Carers providing end-of-life care need much more support, new research has found

“This report shows that there is work to be done in end-of-life-care, not only to ensure individuals are making their wishes known, but also in better supporting carers

There are 6.5 million carers in the UK[i] – people who provide unpaid care for an ill or disabled family member or friend. A report out today has found that much more could be done to support those carers who provide end-of-life care, to both improve the patients’ end-of-life experience, and the support the often first-time carer to do a difficult job.

The report, launched by Compassion in Dying Director, Danielle Hamm, at today’s Narrative of Co-ordinated Care for people towards the End of Life conference, makes recommendations such as: creating a liaison role to coordinate care, supporting advance care planning so that carers know they are respecting the patient’s wishes and ensuring carers are given the right information and training so they can make informed choices and provide the best possible care.


Danielle Hamm, Director of Compassion in Dying said:


“This report shows that there is work to be done in end-of-life-care, not only to ensure individuals are making their wishes known, but also in better supporting carers.

“The recommendation for a new role to be created to coordinate patient care is particularly important.  This liaison role would ensure that carers don’t end up becoming informal coordinators of patients’ care. The role would be undertaken by someone with a detailed understanding of the health and care system and end-of-life rights and would remove the pressure of carers having to navigate a process that they have no familiarity with, instead enabling them to spend more meaningful time with the dying person.

“Getting support for carers right will increase the chances of the dying person experiencing a ‘good death’. Getting it wrong can worsen the experience of death for the patient and leave the carer in emotional distress as a result of the misplaced perception that they have failed in their role.”




Notes to editors:

For media enquiries please call Jo Cartwright on 02074797737 or email

Compassion in Dying is a national charity (no. 1120203) that supports people at the end of life to have what they consider to be a good death by providing information and support around their rights and choices. We are the leading provider of free Advance Decisions in the UK and we also conduct and review research into rights and choices in end-of-life care.

Compassion in Dying believes that people should, as far as possible, have what they consider to be a good death by ensuring their wishes are respected at the end of their life. An important part of this is making sure people know what their end-of-life rights are and that healthcare professionals must act on patients’ wishes if they are valid and applicable.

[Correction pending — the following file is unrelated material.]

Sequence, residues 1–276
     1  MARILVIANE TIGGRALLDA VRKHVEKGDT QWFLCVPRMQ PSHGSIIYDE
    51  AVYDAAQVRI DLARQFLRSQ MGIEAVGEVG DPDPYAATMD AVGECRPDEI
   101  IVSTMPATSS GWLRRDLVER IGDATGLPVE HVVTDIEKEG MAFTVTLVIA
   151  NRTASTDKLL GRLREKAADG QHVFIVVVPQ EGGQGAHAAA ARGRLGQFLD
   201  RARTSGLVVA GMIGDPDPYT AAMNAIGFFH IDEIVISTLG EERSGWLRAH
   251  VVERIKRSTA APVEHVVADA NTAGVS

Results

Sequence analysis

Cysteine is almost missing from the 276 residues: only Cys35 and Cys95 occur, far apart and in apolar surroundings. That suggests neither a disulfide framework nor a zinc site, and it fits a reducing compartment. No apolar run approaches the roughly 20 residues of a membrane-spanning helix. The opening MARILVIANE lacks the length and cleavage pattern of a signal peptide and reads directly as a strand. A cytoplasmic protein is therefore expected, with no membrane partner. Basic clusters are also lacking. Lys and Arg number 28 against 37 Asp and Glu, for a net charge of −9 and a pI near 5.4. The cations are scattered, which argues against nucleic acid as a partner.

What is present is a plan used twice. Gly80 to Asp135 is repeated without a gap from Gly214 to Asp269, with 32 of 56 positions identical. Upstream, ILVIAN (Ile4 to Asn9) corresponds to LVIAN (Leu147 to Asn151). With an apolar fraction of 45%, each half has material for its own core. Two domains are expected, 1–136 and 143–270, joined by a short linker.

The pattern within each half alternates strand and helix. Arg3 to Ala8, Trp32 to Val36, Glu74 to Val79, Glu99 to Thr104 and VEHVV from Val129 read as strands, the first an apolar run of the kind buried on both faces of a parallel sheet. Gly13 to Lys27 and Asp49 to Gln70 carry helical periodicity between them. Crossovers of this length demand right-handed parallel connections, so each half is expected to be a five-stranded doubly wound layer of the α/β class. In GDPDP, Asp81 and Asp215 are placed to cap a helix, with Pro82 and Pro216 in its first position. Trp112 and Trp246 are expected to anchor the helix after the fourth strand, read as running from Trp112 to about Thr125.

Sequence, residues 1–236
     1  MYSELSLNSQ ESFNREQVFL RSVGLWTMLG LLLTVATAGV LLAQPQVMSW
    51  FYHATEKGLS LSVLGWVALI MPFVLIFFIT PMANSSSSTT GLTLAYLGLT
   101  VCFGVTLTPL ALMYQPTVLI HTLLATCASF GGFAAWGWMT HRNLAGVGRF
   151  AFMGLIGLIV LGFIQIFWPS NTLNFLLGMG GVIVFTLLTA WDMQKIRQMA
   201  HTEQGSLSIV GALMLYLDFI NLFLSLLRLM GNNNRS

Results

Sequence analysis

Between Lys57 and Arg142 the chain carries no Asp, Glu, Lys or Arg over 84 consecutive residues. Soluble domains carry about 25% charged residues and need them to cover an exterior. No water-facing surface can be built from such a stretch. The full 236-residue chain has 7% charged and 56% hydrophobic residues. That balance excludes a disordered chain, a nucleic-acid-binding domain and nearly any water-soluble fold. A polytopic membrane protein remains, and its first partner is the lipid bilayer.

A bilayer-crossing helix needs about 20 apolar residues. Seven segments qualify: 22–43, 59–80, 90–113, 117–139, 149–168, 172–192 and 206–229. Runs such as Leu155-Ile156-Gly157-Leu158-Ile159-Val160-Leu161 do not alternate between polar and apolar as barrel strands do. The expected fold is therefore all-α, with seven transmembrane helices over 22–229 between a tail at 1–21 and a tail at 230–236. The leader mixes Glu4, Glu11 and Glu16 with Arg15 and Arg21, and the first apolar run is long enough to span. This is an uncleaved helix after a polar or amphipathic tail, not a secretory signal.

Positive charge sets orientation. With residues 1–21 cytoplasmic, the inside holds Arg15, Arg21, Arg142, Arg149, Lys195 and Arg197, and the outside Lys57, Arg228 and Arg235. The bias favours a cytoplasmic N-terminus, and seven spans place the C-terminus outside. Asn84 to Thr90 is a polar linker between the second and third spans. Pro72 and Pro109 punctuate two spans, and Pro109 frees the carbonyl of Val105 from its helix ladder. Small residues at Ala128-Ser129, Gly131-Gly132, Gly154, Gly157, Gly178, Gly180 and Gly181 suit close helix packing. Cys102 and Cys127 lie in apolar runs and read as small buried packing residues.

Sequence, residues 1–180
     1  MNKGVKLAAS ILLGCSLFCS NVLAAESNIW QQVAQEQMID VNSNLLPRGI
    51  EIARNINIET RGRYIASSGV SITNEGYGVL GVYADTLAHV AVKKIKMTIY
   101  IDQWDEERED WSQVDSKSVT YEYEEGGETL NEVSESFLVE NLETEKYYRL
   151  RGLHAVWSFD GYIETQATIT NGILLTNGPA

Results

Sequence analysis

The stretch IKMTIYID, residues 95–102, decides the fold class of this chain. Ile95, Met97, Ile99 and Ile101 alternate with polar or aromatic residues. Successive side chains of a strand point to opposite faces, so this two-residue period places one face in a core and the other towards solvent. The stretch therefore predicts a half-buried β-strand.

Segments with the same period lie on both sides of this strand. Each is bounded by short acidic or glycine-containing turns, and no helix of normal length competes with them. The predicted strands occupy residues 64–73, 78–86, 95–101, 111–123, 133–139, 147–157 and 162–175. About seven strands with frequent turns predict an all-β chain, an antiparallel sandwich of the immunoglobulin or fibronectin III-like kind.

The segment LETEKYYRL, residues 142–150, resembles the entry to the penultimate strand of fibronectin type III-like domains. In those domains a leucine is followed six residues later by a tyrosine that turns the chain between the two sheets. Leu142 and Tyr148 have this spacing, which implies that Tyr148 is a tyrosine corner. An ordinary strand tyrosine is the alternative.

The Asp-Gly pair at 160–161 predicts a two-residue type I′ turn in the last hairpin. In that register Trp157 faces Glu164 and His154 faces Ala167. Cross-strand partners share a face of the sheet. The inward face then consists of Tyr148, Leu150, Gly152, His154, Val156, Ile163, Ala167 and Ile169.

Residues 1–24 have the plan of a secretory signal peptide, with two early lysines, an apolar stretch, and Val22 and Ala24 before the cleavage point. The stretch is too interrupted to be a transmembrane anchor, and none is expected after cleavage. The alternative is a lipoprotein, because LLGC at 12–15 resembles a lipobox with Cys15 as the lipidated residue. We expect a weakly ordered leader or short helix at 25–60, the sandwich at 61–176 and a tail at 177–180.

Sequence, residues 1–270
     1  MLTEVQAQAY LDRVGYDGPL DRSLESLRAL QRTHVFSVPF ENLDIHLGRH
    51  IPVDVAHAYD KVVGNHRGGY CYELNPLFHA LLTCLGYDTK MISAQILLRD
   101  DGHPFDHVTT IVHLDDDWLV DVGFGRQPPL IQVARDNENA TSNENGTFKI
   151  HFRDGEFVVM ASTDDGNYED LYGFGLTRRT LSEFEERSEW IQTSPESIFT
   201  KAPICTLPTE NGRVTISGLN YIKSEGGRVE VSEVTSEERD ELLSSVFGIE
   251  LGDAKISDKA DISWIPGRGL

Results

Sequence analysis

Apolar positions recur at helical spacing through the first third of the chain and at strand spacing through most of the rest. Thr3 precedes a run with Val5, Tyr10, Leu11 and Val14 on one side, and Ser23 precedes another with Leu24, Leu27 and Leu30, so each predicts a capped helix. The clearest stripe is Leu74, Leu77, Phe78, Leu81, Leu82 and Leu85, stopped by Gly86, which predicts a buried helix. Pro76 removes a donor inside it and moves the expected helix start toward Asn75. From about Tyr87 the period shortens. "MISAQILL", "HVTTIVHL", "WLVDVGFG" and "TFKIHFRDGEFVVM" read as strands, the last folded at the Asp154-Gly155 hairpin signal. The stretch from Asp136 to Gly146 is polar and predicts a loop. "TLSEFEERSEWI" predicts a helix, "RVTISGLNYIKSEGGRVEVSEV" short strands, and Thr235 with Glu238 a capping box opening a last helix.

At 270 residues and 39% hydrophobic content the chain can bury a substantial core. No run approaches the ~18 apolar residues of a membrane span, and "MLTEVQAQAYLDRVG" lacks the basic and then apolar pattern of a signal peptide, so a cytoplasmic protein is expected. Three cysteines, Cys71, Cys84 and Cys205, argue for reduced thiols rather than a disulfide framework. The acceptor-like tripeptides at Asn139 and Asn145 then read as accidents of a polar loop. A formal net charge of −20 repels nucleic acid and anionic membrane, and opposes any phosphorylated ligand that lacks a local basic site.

Compassion in Dying was set up by and works in partnership with the campaigning organisation Dignity in Dying, which campaigns for a change in the law to allow terminally ill, mentally competent adults to have the choice of an assisted death.  Compassion in Dying is not involved in this campaign but does share its vision of patient choice at the end of life.

For more information on Compassion in Dying visit

The End-of-Life Rights Information Line
The End-of-Life Rights Information Line is available on freephone 0800 999 2434, or by emailing or writing to Information Line, Compassion in Dying, 181 Oxford Street, London W1D 2JT.  The phone-line is open between 11am and 3pm Monday to Friday. 

Advance Decisions
An Advance Decision is a document that allows individuals to set out their wishes and preferences for medical treatment in advance, in the event that they become unable to communicate with their health team (for example, if they fall into a coma or develop dementia).  Advance Decisions were given statutory force under the Mental Capacity Act, 2005 (in October 2007) meaning the refusal of treatment is legally binding.  The Compassion in Dying Advance Decision is fully compliant with the Mental Capacity Act.
Free Advance Decisions are available by calling the Information Line or to download from 

Lasting Powers of Attorney
A Lasting Power of Attorney is a legal document. It allows you to appoint someone that you trust as an ‘attorney’ to make decisions on your behalf.
There are two types of LPA: property and financial affairs and health and personal welfare.  A Lasting Power of Attorney cannot be used until it is registered with the Office of the Public Guardian.
Attorneys for health and personal welfare can make decisions for you when you lack the mental capacity to do so.